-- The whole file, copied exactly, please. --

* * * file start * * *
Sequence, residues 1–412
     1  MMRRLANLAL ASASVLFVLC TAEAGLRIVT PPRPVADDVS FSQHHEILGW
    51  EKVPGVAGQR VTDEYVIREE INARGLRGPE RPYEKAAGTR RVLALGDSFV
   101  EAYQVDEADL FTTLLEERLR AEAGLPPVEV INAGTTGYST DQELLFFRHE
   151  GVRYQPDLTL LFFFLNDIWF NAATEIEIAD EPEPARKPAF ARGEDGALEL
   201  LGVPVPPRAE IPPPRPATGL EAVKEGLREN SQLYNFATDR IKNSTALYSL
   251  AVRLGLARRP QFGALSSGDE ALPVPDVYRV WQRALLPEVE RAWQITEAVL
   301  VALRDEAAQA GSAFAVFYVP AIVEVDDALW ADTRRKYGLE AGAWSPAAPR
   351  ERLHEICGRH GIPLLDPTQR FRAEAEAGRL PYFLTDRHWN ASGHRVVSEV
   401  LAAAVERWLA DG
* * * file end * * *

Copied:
Sequence, residues 1–412
     1  MMRRLANLAL ASASVLFVLC TAEAGLRIVT PPRPVADDVS FSQHHEILGW
    51  EKVPGVAGQR VTDEYVIREE INARGLRGPE RPYEKAAGTR RVLALGDSFV
   101  EAYQVDEADL FTTLLEERLR AEAGLPPVEV INAGTTGYST DQELLFFRHE
   151  GVRYQPDLTL LFFFLNDIWF NAATEIEIAD EPEPARKPAF ARGEDGALEL
   201  LGVPVPPRAE IPPPRPATGL EAVKEGLREN SQLYNFATDR IKNSTALYSL
   251  AVRLGLARRP QFGALSSGDE ALPVPDVYRV WQRALLPEVE RAWQITEAVL
   301  VALRDEAAQA GSAFAVFYVP AIVEVDDALW ADTRRKYGLE AGAWSPAAPR
   351  ERLHEICGRH GIPLLDPTQR FRAEAEAGRL PYFLTDRHWN ASGHRVVSEV
   401  LAAAVERWLA DG